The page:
Harder, Christoph S. (1983) Bistability, high speed modulation, noise and pulsations in GaAlAs semiconductor lasers. Dissertation (Ph.D.), California Institute of Technology. http://resolver.caltech.edu/CaltechETD:etd-09062006-083609
This thesis describes seven different subjects relevant to semiconductor laser diodes which fall in the following three categories: Bistability and pulsations, high speed modulation and noise.
Bistable semiconductor lasers based on inhomogeneous current injection, achieved with a split contact scheme, were proposed around 20 years ago. However, actual devices showed no or only a small hysteresis and they were in addition beset by pulsations for reasons not well understood at the time. In this thesis we show that lasers with an optimized design can display bistability with a giant hysteresis. Crucial to the understanding of the bistable laser is a negative differential resistance across the absorber section, reminiscent of a tunnel diode characteristic. Depending on the electrical biasing circuit this negative differential resistance leads to bistability or light-jumps and self-pulsations. A simple model based on the conventional rate equations explains the observed behavior. Investigation of the switching dynamics of this optoelectronic device reveals a delay time which is critically dependent on the trigger pulse amplitude and which is typically in the order of a few nanoseconds at a power-delay product of 100pJ. We also investigate the characteristic of this laser coupled to an external optical cavity and we demonstrate that this bistable laser can be used as a self-coupled stylus for optical disk readout. Under a different biasing condition this laser coupled to an external optical cavity can be used to generate ultrashort optical pulses through passive mode locking. Unlike previous mode locking techniques, the method presented here does not rely on absorption introduced by damaging the crystal and is consequently much more reliable.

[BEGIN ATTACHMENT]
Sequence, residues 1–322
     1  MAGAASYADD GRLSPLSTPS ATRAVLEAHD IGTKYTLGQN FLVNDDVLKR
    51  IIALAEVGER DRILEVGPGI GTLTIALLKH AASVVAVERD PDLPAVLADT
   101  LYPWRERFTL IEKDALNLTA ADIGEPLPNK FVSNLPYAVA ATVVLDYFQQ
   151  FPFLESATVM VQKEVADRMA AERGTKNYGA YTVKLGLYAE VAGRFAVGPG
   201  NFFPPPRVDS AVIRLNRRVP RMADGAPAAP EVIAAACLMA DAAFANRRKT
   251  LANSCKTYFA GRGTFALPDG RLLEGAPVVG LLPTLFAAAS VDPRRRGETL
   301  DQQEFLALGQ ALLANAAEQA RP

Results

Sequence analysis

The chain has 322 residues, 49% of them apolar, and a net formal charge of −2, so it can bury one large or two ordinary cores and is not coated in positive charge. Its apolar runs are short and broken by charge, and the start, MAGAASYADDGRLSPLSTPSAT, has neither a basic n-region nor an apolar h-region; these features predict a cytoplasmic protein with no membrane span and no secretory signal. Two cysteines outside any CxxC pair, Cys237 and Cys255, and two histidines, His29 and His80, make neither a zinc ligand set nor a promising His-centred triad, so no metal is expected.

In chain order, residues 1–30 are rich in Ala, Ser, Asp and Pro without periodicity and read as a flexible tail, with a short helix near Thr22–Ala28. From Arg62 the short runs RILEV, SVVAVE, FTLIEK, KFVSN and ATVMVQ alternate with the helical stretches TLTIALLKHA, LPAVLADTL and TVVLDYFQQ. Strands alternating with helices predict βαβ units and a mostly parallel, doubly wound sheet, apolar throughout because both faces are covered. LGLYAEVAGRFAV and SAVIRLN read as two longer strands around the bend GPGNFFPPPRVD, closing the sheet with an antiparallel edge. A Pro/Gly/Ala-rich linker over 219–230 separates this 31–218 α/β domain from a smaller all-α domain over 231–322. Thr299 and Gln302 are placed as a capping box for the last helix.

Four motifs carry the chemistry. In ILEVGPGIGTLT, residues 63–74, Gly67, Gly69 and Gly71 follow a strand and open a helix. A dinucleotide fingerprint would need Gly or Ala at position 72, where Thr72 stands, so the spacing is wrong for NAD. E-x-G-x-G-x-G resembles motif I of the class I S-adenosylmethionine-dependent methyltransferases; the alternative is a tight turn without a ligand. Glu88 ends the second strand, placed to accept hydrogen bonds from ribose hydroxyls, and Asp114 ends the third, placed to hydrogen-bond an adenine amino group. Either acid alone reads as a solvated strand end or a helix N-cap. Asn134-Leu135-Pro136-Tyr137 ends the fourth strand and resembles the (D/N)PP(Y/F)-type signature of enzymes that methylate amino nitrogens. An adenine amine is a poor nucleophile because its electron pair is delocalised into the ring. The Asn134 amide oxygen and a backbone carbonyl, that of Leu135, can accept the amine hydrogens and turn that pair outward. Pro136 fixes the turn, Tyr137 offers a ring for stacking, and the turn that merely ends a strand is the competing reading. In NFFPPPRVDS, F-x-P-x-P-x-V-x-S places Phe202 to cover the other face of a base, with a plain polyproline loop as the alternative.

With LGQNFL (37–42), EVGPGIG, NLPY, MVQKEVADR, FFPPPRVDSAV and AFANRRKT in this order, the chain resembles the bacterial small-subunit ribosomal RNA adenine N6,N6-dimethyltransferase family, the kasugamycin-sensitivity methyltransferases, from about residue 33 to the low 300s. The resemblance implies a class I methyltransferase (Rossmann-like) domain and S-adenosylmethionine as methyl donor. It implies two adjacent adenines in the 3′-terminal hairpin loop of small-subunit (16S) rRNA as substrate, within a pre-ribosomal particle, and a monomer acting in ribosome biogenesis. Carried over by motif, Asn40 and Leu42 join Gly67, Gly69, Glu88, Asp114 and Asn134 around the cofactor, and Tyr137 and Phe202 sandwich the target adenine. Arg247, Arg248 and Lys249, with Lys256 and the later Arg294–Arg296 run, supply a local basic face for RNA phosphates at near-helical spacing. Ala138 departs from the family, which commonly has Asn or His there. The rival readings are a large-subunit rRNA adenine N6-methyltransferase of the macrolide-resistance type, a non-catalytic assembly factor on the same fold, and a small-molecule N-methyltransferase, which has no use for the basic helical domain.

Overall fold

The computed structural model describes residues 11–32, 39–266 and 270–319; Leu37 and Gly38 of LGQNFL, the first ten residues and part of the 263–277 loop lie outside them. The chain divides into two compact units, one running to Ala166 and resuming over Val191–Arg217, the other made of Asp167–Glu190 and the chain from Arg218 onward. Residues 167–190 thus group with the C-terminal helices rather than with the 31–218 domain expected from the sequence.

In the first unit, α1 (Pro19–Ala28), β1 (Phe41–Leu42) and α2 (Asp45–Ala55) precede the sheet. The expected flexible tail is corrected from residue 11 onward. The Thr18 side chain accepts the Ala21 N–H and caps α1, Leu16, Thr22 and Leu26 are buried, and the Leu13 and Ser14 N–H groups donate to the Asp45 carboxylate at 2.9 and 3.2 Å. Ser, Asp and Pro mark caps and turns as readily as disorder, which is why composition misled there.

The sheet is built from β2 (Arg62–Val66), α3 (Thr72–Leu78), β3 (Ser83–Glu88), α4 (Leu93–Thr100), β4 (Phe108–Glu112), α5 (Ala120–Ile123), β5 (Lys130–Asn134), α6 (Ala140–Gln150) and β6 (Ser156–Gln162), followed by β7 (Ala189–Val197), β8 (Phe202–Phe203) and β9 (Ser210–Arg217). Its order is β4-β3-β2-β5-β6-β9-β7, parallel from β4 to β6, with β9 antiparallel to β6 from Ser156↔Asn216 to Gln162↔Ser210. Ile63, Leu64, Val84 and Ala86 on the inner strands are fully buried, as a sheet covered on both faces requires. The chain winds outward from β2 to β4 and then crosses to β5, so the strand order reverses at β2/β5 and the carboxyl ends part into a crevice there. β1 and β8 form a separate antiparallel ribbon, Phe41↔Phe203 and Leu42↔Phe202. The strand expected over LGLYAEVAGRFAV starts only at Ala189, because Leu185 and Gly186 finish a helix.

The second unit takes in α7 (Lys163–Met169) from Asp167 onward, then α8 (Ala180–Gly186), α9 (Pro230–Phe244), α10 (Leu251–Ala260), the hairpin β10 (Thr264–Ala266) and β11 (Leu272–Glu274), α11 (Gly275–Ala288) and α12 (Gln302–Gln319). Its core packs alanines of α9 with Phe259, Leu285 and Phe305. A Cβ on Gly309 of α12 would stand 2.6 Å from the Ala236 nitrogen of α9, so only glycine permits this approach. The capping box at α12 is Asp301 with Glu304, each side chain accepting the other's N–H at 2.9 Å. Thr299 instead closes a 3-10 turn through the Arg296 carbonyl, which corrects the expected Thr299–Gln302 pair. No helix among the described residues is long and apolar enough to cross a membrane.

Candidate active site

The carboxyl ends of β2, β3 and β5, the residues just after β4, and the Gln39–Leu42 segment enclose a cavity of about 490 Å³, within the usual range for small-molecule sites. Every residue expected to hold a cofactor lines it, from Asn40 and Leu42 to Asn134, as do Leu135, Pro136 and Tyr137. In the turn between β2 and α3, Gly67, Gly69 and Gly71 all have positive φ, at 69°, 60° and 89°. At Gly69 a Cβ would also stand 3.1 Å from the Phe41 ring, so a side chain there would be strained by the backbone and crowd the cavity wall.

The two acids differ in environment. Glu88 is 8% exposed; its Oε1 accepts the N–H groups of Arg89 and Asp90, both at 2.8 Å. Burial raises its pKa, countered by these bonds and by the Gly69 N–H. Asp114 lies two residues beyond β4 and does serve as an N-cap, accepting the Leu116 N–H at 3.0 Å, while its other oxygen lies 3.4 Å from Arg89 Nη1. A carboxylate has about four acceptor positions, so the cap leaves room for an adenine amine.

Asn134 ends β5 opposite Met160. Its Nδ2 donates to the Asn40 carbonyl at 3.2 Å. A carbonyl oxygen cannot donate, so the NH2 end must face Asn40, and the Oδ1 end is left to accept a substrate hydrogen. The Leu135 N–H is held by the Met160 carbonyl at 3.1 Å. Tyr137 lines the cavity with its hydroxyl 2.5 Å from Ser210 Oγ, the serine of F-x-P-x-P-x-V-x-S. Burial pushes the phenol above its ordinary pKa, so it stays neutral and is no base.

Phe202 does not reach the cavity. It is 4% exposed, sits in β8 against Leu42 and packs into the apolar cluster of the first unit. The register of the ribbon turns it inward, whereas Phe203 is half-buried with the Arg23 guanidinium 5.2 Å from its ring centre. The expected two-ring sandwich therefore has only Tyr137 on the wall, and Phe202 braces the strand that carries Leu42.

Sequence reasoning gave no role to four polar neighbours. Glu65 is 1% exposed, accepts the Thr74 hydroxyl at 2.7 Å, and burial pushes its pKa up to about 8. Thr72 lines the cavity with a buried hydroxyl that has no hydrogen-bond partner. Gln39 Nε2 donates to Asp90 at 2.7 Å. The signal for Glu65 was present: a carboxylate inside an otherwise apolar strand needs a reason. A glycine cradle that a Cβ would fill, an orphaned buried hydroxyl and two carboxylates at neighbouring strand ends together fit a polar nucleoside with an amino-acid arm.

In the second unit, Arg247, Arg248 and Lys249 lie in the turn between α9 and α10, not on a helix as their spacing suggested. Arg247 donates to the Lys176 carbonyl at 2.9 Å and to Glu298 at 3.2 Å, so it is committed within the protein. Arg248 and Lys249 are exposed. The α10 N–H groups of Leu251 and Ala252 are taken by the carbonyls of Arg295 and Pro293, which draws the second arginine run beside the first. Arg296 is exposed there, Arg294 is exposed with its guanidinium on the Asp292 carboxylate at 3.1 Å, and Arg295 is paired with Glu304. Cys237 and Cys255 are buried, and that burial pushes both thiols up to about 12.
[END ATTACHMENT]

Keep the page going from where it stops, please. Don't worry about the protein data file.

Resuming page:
The high speed modulation behavior of semiconductor lasers is investigated theoretically and experimentally. In this thesis we derive the fundamental limits of injection lasers for pulse modulation and small signal modulation. We place emphasis on developing laser structures optimized for high frequency modulation and experiments on such structures show that they can be modulated at frequencies up to 8GHz. At these frequencies the parasitic elements can no longer be neglected and they are included in the analysis.
The noise equivalent circuit of a semiconductor laser diode is derived from the rate equations including Langevin noise sources. This equivalent circuit allows a straightforward calculation of the noise and frequency modulation characteristics of a laser diode combined with electronic components. The field spectrum of injection lasers is observed also experimentally. It is a unique feature of injection lasers that their linewidth is increased through a strong amplitude phase coupling by the factor (1 + [alpha]2) where [alpha] is the linewidth enhancement factor. A model is developed which shows that the same factor [alpha] enters in the small signal modulation characteristics and a careful measurement of the small signal amplitude and phase modulation at high frequencies enables us to obtain this important factor [alpha] for the first time by a direct measurement.
|Item Type:||Thesis (Dissertation (Ph.D.))|
|Degree Grantor:||California Institute of Technology|
|Division:||Engineering and Applied Science|
|Major Option:||Electrical Engineering|
|Thesis Availability:||Restricted to Caltech community only|
|Defense Date:||25 May 1983|
|Default Usage Policy:||No commercial reproduction, distribution, display or performance rights in this work are provided.|
|Deposited By:||Imported from ETD-db|
|Deposited On:||22 Sep 2006|
|Last Modified:||26 Dec 2012 02:59|
- Final Version
Restricted to Caltech community only
See Usage Policy.
Repository Staff Only: item control page